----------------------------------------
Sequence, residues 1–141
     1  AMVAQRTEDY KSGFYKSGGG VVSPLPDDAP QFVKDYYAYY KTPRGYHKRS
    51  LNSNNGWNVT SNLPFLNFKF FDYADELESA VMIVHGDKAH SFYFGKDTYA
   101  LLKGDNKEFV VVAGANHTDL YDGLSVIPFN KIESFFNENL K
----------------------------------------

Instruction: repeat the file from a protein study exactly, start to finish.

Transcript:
Sequence, residues 1–141
     1  AMVAQRTEDY KSGFYKSGGG VVSPLPDDAP QFVKDYYAYY KTPRGYHKRS
    51  LNSNNGWNVT SNLPFLNFKF FDYADELESA VMIVHGDKAH SFYFGKDTYA
   101  LLKGDNKEFV VVAGANHTDL YDGLSVIPFN KIESFFNENL K